Comments on: Europe’s half-baked deal http://blogs.reuters.com/felix-salmon/2011/10/27/europes-half-baked-deal/ A slice of lime in the soda Sun, 26 Oct 2014 19:05:02 +0000 hourly 1 http://wordpress.org/?v=4.2.5 By: dWj http://blogs.reuters.com/felix-salmon/2011/10/27/europes-half-baked-deal/comment-page-1/#comment-32474 Fri, 28 Oct 2011 03:01:36 +0000 http://blogs.reuters.com/felix-salmon/?p=10758#comment-32474 They should borrow the $750 billion from French banks. This would reduce the transfers involved, not to mention the ultimate counterparty risk.

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By: Auros http://blogs.reuters.com/felix-salmon/2011/10/27/europes-half-baked-deal/comment-page-1/#comment-32452 Thu, 27 Oct 2011 21:19:09 +0000 http://blogs.reuters.com/felix-salmon/?p=10758#comment-32452 The idea of the Fed being broke is kinda laughable. As long as they’re willing to tolerate somewhat higher inflation (which arguably would be a good thing — www.interfluidity.com/v2/2347.html ), the Fed can have as many dollars as it damn well pleases.

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By: johnhhaskell http://blogs.reuters.com/felix-salmon/2011/10/27/europes-half-baked-deal/comment-page-1/#comment-32450 Thu, 27 Oct 2011 19:52:28 +0000 http://blogs.reuters.com/felix-salmon/?p=10758#comment-32450 Fbreughel1: Felix’s comments about how difficult the ECB found it to buy Spanish and Italian debt are 100% correct. Also, the Fed is not broke. It actually has plenty of dollars. Try to pay attention.

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By: alea http://blogs.reuters.com/felix-salmon/2011/10/27/europes-half-baked-deal/comment-page-1/#comment-32442 Thu, 27 Oct 2011 17:38:09 +0000 http://blogs.reuters.com/felix-salmon/?p=10758#comment-32442 @KidDynamite:
Yes, AIG had a massive NET exposure, non-collateralized (until the downgrade) and was THE only market for certain types of CDS.
The EU situation has nothing to do with that, the NET is very small (vs total bonds outstanding), collateralized and (relatively) liquid.

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By: KidDynamite http://blogs.reuters.com/felix-salmon/2011/10/27/europes-half-baked-deal/comment-page-1/#comment-32439 Thu, 27 Oct 2011 17:27:47 +0000 http://blogs.reuters.com/felix-salmon/?p=10758#comment-32439 @Alea – thanks for the other reply. I think that one problem us non-CDS experts have here is that we think of AIG 2008 – and the problems arising there – but this Euro situation is very much NOT like that, right? In other words, with AIG, the NET exposures were massive – the banks all bought protection, and AIG sold it to them…

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By: KidDynamite http://blogs.reuters.com/felix-salmon/2011/10/27/europes-half-baked-deal/comment-page-1/#comment-32438 Thu, 27 Oct 2011 17:25:53 +0000 http://blogs.reuters.com/felix-salmon/?p=10758#comment-32438 @Alea – let me ask you a simpler question: if the NET CDS exposure is under $4B, then that implies that the current market setup was NOT a lot of parties who bought and hedged (with CDS) Greek debt, right?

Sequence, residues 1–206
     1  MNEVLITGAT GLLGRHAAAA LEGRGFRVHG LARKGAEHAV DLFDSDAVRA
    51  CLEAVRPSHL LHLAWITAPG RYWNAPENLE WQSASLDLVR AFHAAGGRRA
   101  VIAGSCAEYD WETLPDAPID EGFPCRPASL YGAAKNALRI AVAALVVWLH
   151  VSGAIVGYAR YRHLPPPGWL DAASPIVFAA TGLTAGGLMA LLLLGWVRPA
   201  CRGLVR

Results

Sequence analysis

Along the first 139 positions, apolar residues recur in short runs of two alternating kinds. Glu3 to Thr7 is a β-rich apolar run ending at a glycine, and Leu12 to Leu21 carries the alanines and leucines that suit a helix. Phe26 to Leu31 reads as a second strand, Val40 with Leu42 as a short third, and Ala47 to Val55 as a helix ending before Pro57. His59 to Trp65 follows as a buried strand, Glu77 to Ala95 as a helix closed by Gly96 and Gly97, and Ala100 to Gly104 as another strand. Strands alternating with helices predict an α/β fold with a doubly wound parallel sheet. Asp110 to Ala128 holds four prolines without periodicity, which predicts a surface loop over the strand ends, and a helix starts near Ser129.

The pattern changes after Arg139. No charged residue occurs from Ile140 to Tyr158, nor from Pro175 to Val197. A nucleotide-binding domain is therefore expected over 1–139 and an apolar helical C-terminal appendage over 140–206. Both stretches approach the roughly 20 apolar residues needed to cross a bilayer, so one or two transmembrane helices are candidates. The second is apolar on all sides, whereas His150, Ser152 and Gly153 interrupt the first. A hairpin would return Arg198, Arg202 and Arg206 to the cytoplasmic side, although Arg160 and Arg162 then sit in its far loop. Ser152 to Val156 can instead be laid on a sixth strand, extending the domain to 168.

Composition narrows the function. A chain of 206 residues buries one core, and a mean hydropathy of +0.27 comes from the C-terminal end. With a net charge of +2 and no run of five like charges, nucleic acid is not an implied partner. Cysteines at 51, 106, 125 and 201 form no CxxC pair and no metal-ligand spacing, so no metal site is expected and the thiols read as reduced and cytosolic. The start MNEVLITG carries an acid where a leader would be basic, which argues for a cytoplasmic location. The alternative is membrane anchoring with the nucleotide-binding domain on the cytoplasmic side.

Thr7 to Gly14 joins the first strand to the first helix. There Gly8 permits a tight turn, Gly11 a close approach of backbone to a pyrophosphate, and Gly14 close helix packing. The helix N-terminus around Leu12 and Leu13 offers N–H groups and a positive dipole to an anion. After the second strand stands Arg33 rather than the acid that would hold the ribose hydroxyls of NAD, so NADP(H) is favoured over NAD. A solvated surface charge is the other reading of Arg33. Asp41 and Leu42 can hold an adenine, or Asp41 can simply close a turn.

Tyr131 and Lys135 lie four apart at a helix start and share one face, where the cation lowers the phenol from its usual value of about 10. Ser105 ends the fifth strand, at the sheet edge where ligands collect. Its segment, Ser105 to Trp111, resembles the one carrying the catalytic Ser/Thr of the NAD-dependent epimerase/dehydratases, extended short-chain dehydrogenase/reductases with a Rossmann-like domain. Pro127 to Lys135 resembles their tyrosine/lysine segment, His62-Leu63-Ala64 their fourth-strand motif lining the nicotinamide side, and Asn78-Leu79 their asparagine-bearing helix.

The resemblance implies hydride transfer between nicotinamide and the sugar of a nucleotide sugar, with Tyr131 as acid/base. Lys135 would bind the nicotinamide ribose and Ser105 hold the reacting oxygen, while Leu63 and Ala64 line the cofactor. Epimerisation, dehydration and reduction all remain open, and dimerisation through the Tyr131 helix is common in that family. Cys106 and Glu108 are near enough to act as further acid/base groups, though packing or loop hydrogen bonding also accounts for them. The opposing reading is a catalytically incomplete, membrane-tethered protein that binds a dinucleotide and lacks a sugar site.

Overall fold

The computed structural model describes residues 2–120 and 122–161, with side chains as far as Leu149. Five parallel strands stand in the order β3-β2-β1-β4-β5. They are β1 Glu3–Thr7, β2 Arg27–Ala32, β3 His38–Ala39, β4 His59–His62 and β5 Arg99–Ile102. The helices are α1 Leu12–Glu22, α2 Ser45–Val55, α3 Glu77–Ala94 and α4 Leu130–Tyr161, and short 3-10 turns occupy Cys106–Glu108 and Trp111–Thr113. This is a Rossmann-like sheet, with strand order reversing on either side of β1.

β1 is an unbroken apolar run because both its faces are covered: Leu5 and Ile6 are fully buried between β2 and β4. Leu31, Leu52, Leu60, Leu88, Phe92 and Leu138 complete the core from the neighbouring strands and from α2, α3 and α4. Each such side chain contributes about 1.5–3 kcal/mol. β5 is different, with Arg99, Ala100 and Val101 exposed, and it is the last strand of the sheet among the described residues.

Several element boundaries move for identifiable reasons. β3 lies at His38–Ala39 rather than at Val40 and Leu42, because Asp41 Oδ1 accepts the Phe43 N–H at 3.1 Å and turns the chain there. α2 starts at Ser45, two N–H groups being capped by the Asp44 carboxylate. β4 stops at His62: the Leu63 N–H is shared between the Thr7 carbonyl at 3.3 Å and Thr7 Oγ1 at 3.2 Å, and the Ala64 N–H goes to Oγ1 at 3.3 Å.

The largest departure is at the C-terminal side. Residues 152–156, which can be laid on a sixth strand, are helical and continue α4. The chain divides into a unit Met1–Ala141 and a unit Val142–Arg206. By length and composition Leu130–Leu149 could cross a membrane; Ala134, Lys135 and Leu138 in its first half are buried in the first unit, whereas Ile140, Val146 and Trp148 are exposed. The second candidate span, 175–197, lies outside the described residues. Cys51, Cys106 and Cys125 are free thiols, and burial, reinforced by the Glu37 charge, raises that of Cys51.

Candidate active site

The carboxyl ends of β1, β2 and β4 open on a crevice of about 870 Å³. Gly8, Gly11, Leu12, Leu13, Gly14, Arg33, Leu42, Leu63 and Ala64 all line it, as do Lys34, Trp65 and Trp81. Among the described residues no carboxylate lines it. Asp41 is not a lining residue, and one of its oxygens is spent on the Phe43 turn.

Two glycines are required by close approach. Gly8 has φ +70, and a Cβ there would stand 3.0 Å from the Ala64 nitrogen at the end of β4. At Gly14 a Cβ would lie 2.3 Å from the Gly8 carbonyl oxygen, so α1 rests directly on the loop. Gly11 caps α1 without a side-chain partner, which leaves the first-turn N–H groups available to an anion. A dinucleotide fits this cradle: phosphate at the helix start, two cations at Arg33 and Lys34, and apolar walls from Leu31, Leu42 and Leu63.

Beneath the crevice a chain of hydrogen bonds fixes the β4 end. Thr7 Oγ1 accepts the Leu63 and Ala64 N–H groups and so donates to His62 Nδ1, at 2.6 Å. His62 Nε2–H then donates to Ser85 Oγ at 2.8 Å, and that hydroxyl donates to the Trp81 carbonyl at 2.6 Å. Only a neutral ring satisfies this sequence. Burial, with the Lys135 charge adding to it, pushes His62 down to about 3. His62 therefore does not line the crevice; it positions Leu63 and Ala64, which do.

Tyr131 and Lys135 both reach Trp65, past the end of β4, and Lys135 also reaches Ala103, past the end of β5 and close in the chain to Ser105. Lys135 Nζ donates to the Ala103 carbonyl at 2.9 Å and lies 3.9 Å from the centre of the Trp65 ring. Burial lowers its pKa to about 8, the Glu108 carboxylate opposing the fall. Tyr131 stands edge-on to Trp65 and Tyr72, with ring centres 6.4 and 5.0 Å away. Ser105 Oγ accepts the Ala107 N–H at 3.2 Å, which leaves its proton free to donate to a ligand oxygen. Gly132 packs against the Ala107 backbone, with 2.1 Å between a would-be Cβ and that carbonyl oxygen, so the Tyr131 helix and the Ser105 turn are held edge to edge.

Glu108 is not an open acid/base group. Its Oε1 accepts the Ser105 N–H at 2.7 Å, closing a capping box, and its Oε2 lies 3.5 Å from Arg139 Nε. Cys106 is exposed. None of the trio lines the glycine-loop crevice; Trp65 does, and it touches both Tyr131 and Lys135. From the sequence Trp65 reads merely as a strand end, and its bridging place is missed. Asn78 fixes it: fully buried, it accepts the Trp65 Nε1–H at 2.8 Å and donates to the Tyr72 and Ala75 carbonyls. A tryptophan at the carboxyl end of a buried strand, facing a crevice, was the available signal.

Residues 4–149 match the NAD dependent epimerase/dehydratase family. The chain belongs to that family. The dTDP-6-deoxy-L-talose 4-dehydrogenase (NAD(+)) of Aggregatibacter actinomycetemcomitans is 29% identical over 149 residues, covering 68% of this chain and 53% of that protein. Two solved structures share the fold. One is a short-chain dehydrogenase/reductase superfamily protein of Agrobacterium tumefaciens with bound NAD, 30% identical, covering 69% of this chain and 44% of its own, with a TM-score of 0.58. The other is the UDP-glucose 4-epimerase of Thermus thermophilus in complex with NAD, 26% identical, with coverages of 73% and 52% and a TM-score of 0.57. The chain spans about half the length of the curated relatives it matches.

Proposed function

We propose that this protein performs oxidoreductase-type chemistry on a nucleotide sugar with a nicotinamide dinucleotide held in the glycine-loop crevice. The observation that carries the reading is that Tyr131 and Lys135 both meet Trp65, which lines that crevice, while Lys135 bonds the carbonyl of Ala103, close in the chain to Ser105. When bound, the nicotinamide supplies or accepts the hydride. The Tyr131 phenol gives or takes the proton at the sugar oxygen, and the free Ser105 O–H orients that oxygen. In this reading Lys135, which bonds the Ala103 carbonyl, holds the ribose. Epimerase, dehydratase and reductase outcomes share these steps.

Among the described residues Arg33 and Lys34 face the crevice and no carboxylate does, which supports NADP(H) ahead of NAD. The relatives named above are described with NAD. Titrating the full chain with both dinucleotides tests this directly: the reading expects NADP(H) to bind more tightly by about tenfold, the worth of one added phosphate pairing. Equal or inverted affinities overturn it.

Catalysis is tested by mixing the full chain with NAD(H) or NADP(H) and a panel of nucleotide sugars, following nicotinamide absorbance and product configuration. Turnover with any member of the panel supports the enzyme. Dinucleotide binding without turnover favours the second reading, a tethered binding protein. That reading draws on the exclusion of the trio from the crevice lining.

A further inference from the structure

and the next step is to conclude (which I think is your point), that this voluntary exchange not triggering a CDS credit event is not a big deal and is being blown out of proportion in a big way.

am I on the right track now?

thanks in advance…

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By: alea http://blogs.reuters.com/felix-salmon/2011/10/27/europes-half-baked-deal/comment-page-1/#comment-32437 Thu, 27 Oct 2011 17:22:39 +0000 http://blogs.reuters.com/felix-salmon/?p=10758#comment-32437 Gross positions irrelevant. Read this:
“Net notional positions generally represent the maximum possible net funds transfers between net sellers of protection and net buyers of protection that could be required upon the occurrence of a credit event relating to particular reference entities.” http://www.dtcc.com/downloads/products/d erivserv/tiw_data_explanation.pdf

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By: KidDynamite http://blogs.reuters.com/felix-salmon/2011/10/27/europes-half-baked-deal/comment-page-1/#comment-32436 Thu, 27 Oct 2011 17:15:48 +0000 http://blogs.reuters.com/felix-salmon/?p=10758#comment-32436 @Alea – I saw that $3.7B number… but the gross number is $75B. Something is hurting my brain thinking about how we can’t just ignore that here when thinking about incentives of the parties involved. ???

and yes, I did read this:

http://ftalphaville.ft.com/blog/2011/10/ 27/713826/how-gross-and-net-cds-notional s-really-work/

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By: alea http://blogs.reuters.com/felix-salmon/2011/10/27/europes-half-baked-deal/comment-page-1/#comment-32432 Thu, 27 Oct 2011 17:00:16 +0000 http://blogs.reuters.com/felix-salmon/?p=10758#comment-32432 @KidDynamite:
The CDS position is not significant, the net notional is only $3.7 bln and even if 100% of that is covered by bonds (unlikely) and they don’t participate in the restructuring it doesn’t matter (we are talking €205 bln float for the restructuring). But as far as the CDS is concerned, Greece has not defaulted yet, and no restructuring has occurred yet, it will take months before the restructuring is effective and since it’s not mandatory, it won’t be a credit event.

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By: FBreughel1 http://blogs.reuters.com/felix-salmon/2011/10/27/europes-half-baked-deal/comment-page-1/#comment-32431 Thu, 27 Oct 2011 16:55:43 +0000 http://blogs.reuters.com/felix-salmon/?p=10758#comment-32431 “One place the money’s not coming from is the ECB, which found it hard enough just to keep on buying bonds from Spain and Italy”

Euuh, Felix, you do know this the ECB represents the largest economy on earth, do you ? This is not the Fed (which is quite broke).

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